What if what you think you know about the world turns out to be wrong and your neighbor can prove it? This question may sound like a hook for some internet-fed conspiracy theory, yet it does not seem out of place in the context of a review of Dava Sobel’s Galileo’s Daughter, a masterful work of historical research that manages to reconstruct for today’s audience, not just the scientific and ideological implications of Galileo’s groundbreaking discoveries, but the sheer shock with which those discoveries were received by his contemporaries. Historians tell us that by March 20, 1610, a week after the publication of the first 550 copies of Sidereus Nuncius or Starry Messenger, Galileo’s most celebrated and vilified work was simply impossible to find. Some of its first readers would coin the expression “nocturnal horror” to describe their feelings of transcendental awe when confronted with Galileo’s “modern” picture of the heavens, which effectively displaced the Earth from the theologically-grounded center of the universe. Sobel’s gripping page-turner captures this complex web of thoughts and emotions in a richly contextualized narrative, but the reader’s true reward comes as we get to see the man behind the discoveries in his daughter’s eyes: a privileged intellect painstakingly cultivated in an astonishing array of scientific and humanistic disciplines, but also a deeply scarred soul, a frail body, and an aching heart; yet always a loving, attentive father.
Maria Celeste, Galileo’s illegitimate daughter, is arguably the real protagonist of Sobel’s biographical tale, a gifted and determined mind and a deeply emotive, generous, and caring heart in her own right. Cloistered in a convent since she was thirteen years of age, Maria Celeste would manage to maintain, throughout her life, an unusually close and rich epistolary relationship with her aging father. Her letters reveal unimagined details of her private monastic life alongside her intimate thoughts and emotions penned in response to Galileo’s own letters of which the archive knows nothing. Sobel fills in the archival gap with meticulously researched material and poetic artfulness. Her voice expertly blends Maria Celeste’s archived letters with the historical record and Galileo’s own lifework. The result is a deeply satisfying narrative that brings an ever-growing cast of historical characters to life in unexpected ways. The passage below is an example of Sobel’s layered narrative and her engrossing story-telling craft. The writer manages to meld a discussion of Galileo’s fundamental innovation in Two New Sciences with graphic details of Maria Celeste’s extraction of her own rotting teeth, and news of pope Urban’s stern warning to Ambassador Niccolini, one of Galileo’s most ardent defenders, that all who correspond or otherwise associate with the Florentine mathematician will be placed under Inquisitorial surveillance:
Two New Sciences takes place in a shipyard. Its characters simply dismiss the pursuit of ultimate causes that has passed for science until their time: “The cause of the acceleration of the motion of falling bodies is not a necessary part of the investigation,” declares Salviati. From now on, physics will never be the same.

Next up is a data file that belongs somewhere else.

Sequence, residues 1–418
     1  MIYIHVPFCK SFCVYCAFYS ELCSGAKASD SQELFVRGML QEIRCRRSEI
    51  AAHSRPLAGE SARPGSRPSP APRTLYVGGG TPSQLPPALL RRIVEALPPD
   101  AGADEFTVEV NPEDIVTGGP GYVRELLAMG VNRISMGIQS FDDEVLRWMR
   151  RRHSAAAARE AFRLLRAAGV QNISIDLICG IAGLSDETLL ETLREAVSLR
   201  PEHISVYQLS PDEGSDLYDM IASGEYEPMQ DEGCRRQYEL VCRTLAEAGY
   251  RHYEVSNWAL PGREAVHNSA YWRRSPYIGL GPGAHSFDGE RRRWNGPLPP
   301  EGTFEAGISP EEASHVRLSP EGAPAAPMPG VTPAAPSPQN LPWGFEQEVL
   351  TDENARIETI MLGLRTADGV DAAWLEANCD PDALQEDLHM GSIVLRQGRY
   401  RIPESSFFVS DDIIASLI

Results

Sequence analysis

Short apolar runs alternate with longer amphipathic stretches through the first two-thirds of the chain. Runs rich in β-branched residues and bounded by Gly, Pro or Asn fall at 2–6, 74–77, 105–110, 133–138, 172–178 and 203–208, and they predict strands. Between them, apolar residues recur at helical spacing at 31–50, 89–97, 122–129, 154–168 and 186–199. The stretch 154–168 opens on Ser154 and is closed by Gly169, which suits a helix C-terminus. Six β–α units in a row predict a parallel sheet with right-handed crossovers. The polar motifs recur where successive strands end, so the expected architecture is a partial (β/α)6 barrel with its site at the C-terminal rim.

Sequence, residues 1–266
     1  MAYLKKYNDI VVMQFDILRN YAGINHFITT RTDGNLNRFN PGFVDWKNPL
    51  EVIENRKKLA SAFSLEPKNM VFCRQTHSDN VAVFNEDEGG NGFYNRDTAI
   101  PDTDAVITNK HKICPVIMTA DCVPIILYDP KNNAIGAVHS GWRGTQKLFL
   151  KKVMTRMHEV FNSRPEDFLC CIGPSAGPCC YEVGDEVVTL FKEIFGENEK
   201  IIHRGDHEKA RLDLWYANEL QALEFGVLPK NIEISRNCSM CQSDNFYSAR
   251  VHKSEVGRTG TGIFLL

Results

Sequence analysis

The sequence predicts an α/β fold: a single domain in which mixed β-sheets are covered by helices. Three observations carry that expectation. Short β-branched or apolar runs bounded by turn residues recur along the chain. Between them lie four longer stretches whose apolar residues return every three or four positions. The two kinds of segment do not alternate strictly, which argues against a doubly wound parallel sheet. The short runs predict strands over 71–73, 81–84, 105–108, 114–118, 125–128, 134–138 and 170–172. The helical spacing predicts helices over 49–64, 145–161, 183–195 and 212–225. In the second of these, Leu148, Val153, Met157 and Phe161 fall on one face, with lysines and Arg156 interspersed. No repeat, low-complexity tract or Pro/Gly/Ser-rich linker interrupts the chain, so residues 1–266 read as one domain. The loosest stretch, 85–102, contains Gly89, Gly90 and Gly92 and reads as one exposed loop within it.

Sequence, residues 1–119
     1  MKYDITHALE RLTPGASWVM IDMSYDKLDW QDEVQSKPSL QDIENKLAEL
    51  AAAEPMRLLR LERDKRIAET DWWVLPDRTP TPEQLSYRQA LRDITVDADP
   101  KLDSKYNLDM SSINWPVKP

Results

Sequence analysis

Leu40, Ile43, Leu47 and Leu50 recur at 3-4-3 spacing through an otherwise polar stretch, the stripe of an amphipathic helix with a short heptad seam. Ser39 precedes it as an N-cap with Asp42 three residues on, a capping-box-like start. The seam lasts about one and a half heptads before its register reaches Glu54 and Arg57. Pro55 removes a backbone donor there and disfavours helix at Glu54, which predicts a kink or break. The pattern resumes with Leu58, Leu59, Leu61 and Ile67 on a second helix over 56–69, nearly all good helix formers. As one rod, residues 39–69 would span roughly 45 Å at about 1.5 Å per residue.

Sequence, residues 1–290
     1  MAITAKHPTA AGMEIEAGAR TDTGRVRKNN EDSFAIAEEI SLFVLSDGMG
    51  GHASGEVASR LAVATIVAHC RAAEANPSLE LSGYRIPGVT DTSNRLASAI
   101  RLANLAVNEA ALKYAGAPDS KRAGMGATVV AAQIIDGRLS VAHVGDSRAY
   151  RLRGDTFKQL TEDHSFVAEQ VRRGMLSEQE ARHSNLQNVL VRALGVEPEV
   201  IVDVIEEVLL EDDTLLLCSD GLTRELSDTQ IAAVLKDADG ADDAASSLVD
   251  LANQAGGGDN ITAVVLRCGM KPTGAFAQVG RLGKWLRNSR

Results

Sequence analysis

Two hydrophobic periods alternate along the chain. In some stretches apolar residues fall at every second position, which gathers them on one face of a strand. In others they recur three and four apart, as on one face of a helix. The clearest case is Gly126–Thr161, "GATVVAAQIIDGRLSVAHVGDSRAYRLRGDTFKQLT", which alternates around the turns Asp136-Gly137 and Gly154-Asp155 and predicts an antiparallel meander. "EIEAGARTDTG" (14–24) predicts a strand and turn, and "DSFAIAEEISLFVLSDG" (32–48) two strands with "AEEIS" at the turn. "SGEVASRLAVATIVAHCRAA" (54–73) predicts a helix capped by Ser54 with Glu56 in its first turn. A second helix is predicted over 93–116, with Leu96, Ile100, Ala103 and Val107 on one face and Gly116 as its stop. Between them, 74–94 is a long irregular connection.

“The continuous rain,” Suor Maria Celeste wrote in the morning-after postscript to her weekly summary of Saturday, November 12 … “leaves me time to chat with you a little longer, and to tell you that recently I pulled a very large molar, which had rotted and was giving me great pain…”
As Suor Maria Celeste sat writing in the Sunday morning rain on November 13, Ambassador Niccolini again approached the pope for permission to send Galileo back to Arcetri. Urban withheld his judgment. He neither granted nor denied the request during this audience, but pointedly let on that he knew Galileo was enjoying support, defense, companionship, and correspondence of like-minded men –all of whom, Urban assured Niccolini with undisguised disgust, were now under surveillance by the Holy Office (pp. 337-338).
With regards to Galileo’s problems with the Church, Sobel makes good use of Maria Celeste’s letters to offer a nuanced view of the subject, a window into Galileo’s own constant soul searching and his deeply held conviction that he had said and done nothing to damage the Church’s authority. On the contrary, Galileo’s uncompromising passion to understand and explain the work of God is -he sincerely believes- the truest expression of his devotion. Expertly contextualized and meticulously interwoven with other historical documents and Galileo’s own writings, the archived letters of Galileo’s daughter bring history to life in all its vivid complexity. We feel and think the world with Maria Celeste and her father in Dava Sobel’s historical memoir of science, faith, and love.
Dava Sobel will be speaking at the Albright-Knox Art Gallery on Friday September 23 at 8pm, after a formal introduction by Buffalo Mayor Byron Brown. Sobel’s talk, “The Rebirth of the Heavens,” will follow a 7pm VIP wine and cheese reception. The event is part of the 3rd Buffalo Humanities Festival, which features three days of activities, including films, talks, music, dances, conversations and food, all on this year’s theme of “Renaissance Remix,” from the Italian Renaissance to the Harlem Renaissance, and the Buffalo Renaissance. Tickets to Sobel’s talk and the full Festival schedule are available at buffalohumanities.org.
David Castillo is director of the Humanities Institute and professor of Romance languages and literatures at the University at Buffalo.